Welcome to the NOAA Institutional Repository |
Stacks Logo
Advanced Search
Select up to three search categories and corresponding keywords using the fields to the right. Refer to the Help section for more detailed instructions.
Clear All Simple Search
Advanced Search
Aspects of ECMWF model performance in polar areas
  • Published Date:
  • Source:
    Quarterly Journal of the Royal Meteorological Society, 142(695), 583-596.
Filetype[BIN-54.54 KB]

This document cannot be previewed automatically as the viewer does not support this file type.
Please click the download button to view the document.
  • Description:
    Global numerical weather prediction skill over polar areas is assessed, mostly based on the European Centre for Medium-Range Weather Forecasts (ECMWF) system but also the Met Office, Japan Meteorological Agency (JMA), Environment Canada and National Centers for Environmental Prediction (NCEP) analysis data. Polar forecast verification against analyses shows a similar trend of forecast improvement over the past 12 years compared with improvements at lower latitudes. These improvements are presumably due to increased model resolution and model sophistication, improved data assimilation methods and increased observational data coverage and better data quality. By comparing ECMWF's real-time forecast skill changes against those from reforecasts initialized from reanalyses, it is possible to quantify how much of the improvement is from system improvements and how much is attributable to weather variability. Ensemble skill also improved over time and, again, consistently across latitudes. The quality of analyses serving for forecast verification and initialization has been investigated further. An intercomparison of The Observing system Research and Predictability Experiment (THORPEX) Interactive Grand Global Ensemble (TIGGE) analyses and forecasts revealed substantial differences for surface parameters, but also at lower levels in the troposphere, where most of the physical processes relevant to weather in the short-to-medium range take place over the poles. The differences between the TIGGE analyses were generally much larger than differences between members of the ECMWF 4D-Var ensemble of analyses generated internally at ECMWF. This suggests that neither the multi-analysis approach nor ensemble data assimilation may represent polar analysis uncertainty properly. This is particularly visible at the surface and lower levels in the atmosphere. Forecast spread and error match much better north of 65 degrees N where less atmospheric variability prevails along the entire forecast range, while in areas of significant synoptic activity the spread also appears too low.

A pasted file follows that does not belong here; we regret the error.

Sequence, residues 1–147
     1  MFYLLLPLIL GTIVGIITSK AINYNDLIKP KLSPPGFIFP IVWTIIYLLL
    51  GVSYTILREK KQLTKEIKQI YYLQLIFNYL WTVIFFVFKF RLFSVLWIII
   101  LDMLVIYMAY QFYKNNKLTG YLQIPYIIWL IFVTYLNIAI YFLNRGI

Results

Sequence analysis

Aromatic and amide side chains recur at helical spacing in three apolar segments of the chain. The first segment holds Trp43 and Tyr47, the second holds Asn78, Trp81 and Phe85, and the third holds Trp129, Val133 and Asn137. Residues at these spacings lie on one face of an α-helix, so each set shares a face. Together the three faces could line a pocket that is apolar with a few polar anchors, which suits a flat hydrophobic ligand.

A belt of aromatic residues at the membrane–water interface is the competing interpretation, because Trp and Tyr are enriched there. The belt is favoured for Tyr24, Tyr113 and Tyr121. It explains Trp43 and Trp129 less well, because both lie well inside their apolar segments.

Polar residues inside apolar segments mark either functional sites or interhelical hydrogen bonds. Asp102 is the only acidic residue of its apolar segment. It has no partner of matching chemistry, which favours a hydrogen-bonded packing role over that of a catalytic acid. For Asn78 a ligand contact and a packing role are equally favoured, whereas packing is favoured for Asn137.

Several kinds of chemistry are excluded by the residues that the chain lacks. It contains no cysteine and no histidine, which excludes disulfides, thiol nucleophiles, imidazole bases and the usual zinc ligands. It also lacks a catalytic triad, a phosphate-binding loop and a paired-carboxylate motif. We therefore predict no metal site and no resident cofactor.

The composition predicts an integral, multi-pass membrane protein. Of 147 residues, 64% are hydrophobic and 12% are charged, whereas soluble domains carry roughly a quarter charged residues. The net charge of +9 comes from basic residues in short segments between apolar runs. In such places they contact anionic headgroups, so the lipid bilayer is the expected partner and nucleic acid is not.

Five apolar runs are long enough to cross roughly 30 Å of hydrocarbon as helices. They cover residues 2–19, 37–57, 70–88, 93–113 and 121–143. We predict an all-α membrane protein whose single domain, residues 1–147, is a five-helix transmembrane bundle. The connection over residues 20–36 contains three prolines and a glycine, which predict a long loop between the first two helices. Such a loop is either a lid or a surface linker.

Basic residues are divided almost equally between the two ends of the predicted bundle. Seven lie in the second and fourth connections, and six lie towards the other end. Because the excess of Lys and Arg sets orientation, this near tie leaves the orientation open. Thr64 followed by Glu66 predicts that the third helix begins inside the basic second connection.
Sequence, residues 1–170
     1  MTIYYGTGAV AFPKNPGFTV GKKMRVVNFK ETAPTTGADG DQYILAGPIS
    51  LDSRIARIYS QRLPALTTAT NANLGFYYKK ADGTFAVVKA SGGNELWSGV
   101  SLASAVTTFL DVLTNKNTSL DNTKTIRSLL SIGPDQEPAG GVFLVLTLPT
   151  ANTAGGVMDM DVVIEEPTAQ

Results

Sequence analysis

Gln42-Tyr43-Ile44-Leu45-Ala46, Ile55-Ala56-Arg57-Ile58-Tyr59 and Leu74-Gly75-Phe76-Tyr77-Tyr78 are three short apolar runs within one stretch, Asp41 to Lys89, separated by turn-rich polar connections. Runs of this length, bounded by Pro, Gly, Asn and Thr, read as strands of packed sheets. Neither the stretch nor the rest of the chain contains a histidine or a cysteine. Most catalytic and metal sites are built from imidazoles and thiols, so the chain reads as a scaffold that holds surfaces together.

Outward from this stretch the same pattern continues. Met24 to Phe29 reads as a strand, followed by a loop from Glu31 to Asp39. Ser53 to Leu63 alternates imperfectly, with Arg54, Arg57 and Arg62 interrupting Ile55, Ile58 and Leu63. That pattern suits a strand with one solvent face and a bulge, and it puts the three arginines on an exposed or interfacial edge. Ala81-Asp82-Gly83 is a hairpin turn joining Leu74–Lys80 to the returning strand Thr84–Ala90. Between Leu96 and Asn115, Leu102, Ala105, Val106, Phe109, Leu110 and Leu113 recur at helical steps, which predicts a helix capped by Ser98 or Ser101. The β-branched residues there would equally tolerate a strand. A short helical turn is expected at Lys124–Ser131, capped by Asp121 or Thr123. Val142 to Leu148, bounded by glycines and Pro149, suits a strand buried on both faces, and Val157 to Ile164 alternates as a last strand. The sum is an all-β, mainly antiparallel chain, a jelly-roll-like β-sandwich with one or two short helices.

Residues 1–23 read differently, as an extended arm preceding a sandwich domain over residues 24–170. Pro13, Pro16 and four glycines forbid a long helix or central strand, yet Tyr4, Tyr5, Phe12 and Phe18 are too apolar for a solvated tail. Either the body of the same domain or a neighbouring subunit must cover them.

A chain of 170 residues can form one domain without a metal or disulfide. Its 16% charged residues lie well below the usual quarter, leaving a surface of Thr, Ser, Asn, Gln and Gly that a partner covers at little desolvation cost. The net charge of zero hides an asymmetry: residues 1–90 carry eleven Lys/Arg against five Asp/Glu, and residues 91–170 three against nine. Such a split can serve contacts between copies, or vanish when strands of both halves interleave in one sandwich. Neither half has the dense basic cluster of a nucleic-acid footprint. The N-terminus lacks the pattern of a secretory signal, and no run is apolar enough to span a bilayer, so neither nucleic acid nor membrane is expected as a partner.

• Document Type:
  • Main Document Checksum:
  • Supporting Files:
    No Additional Files
No Related Documents.
You May Also Like: